Quality of care and in-hospital mortality were found to be comparable for patients with heart failure (HF) who were covered by Medicare Advantage (MA) or fee-for-service (FFS) Medicare, according to a retrospective cohort study published in JAMA Cardiology.
Data from 262,626 adult patients with Medicare who were hospitalized for HF between 2014 and 2018 were collected from the Get With the Guidelines-Heart Failure registry. Patients were assessed for in-hospital mortality, status at discharge, length of hospital stay, and HF achievement measurements.
Most of the patients in this cohort were enrolled in FFS Medicare (64.4%). Patients were treated at 569 sites across the United States, with an average number of 461.6±575.3 hospitalizations per site. Age, gender, demographic, ejection fraction, and comorbidities were comparable for patients enrolled in FFS and MA (standard difference <0.01). At hospital admission, patients did not differ for vital signs, lipid levels, or laboratory measures (ie, standard mean difference <10%).
Patient demographics and burden associated with comorbidities were comparable, on average, in patients enrolled in MA vs FFS, although patients with MA vs FFS were more likely to have comorbidities and less likely to be women and White.
Patients with MA vs FFS were more likely to be admitted to a hospital in the Midwest (26.4% vs 21.2%, respectively; P <.001).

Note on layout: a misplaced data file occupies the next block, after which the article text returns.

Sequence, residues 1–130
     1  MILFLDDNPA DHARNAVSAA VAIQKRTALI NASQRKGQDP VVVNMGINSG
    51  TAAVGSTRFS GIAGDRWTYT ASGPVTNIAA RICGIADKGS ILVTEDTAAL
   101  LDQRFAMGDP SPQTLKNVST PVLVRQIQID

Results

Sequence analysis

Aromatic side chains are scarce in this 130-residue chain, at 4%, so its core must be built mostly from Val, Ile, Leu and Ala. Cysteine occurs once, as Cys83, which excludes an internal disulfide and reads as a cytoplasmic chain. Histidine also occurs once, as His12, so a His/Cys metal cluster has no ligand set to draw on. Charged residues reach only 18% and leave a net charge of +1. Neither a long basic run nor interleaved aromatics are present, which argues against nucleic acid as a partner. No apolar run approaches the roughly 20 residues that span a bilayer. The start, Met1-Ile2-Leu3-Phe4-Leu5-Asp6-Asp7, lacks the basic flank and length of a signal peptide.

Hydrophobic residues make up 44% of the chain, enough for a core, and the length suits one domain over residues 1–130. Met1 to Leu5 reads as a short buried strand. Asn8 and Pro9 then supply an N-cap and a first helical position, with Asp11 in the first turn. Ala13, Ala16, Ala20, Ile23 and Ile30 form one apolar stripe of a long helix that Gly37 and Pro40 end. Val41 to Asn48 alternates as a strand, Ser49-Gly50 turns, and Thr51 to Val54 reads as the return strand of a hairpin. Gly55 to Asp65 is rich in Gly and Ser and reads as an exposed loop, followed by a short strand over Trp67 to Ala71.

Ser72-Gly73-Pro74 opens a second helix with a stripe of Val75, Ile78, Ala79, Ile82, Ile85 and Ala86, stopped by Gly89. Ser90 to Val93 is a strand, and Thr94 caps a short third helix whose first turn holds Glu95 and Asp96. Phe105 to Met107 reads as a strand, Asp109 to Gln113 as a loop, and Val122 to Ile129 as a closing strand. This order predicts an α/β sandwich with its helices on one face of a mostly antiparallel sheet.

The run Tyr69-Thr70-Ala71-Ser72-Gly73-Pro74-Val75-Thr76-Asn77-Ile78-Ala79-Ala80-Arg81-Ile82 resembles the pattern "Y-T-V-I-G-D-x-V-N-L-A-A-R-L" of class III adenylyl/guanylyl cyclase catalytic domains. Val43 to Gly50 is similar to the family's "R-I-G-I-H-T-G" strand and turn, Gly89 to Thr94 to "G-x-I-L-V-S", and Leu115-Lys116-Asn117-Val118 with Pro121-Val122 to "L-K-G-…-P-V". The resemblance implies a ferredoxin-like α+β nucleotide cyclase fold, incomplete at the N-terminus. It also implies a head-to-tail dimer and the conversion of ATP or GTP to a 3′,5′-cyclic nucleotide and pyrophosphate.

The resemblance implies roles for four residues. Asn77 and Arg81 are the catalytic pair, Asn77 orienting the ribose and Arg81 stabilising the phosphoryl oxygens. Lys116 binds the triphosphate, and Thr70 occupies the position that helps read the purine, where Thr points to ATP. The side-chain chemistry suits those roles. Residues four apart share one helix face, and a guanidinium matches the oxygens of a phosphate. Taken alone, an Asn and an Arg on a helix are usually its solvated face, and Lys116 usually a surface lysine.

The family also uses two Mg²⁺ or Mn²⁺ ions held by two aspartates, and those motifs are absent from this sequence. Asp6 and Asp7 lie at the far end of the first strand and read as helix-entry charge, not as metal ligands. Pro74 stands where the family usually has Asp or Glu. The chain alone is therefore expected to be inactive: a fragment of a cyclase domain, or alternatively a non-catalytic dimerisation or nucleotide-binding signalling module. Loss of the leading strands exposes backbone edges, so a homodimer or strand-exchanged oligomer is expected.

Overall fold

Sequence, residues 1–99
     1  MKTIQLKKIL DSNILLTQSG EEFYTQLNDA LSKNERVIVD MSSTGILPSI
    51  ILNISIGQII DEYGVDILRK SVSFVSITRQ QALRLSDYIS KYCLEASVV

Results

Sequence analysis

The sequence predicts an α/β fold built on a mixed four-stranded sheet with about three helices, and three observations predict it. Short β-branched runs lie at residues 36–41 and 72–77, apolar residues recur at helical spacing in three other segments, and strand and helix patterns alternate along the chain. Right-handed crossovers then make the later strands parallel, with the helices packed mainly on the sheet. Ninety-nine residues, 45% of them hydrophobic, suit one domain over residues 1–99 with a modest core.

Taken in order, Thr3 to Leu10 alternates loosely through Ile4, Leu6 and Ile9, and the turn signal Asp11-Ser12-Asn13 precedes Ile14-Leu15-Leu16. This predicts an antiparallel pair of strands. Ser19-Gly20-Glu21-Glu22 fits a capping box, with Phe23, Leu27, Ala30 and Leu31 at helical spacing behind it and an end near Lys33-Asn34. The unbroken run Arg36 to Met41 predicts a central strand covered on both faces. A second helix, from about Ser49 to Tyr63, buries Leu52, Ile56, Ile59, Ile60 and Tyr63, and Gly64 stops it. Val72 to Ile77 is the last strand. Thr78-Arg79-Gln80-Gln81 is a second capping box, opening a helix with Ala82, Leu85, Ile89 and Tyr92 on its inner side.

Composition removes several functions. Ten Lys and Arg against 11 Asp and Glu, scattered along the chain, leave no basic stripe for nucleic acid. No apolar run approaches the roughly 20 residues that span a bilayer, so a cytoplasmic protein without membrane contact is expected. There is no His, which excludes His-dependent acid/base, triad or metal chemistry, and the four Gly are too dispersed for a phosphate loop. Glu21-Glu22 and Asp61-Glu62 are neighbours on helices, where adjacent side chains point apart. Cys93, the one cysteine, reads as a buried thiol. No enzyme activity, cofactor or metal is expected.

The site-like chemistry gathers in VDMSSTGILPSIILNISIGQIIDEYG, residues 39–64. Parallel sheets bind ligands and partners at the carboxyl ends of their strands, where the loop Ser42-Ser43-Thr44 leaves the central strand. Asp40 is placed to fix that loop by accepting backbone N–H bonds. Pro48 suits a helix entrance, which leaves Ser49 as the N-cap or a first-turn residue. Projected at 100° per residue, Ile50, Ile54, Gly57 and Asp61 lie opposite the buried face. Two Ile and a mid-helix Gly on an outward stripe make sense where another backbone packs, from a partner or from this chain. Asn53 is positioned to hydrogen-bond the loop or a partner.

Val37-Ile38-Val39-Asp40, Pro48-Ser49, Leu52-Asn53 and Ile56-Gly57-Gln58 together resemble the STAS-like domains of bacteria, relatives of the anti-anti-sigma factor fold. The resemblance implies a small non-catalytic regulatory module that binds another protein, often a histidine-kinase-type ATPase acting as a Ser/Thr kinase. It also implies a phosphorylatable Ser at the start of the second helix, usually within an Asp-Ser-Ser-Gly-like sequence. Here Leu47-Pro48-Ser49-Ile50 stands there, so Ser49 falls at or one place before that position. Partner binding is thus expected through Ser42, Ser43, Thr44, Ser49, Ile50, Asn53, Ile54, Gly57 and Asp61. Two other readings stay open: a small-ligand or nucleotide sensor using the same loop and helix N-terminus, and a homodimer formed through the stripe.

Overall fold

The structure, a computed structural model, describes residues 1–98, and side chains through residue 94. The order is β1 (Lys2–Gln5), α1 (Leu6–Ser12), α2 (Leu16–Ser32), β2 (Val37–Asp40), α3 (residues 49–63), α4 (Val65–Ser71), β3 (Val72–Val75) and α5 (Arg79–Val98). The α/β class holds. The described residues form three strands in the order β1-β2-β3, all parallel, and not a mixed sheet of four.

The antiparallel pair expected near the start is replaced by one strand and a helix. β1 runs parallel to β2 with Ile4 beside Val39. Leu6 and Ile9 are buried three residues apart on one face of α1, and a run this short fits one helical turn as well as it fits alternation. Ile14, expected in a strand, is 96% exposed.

Patients with MA vs FFS were more likely to be discharged home (72.8% vs 69.8%, respectively; adjusted odds ratio [aOR], 1.16; 95% CI, 1.13-1.19; P <.001) and less likely to be discharged to inpatient rehabilitation facilities (1.9% vs 3.2%, respectively; P <.001) or skilled nursing facilities (16.1% vs 17.5%, respectively; P <.001). Patients with MA vs FFS were less likely to be discharged within 4 days (aOR, 0.97; 95% CI, 0.93-1.00; P =.04).
The majority of quality measures were comparable for patients enrolled in MA vs FFS, however, patients with MA vs FFS were more likely to receive anticoagulation therapy for atrial fibrillation or atrial flutter (aOR, 1.13; 95% CI, 1.06-1.21; P <.001) and to receive discharge instructions (aOR, 1.11; 95% CI, 1.103-1.20; P =.008). Patient mortality did not differ based on insurance (MA: 2.9% vs FFS: 3.0%; P =.05).
A limitation of this study was that only in-hospital data were available. It remains unclear whether 30-day mortality or readmission rates were similar between Medicare groups.
“[W]e found no meaningful differences in the characteristics of patients or the quality of care received between those enrolled in MA vs those enrolled in FFS Medicare,” noted the study authors. “The main influence of MA appears to be limiting the use of post-acute care facilities, which is likely a utilization management strategy aimed at reducing costs.”
Disclosure: Multiple authors declared affiliations with industry. Please refer to the original article for a full list of disclosures.
Figueroa J F, Wadhera R K, Frakt A B, et al. Quality of care and outcomes among Medicare advantage vs fee-for-Service Medicare patients hospitalized with heart failure. [published online September 2, 2020] JAMA Cardiol. doi:10.1001/jamacardio.2020.3638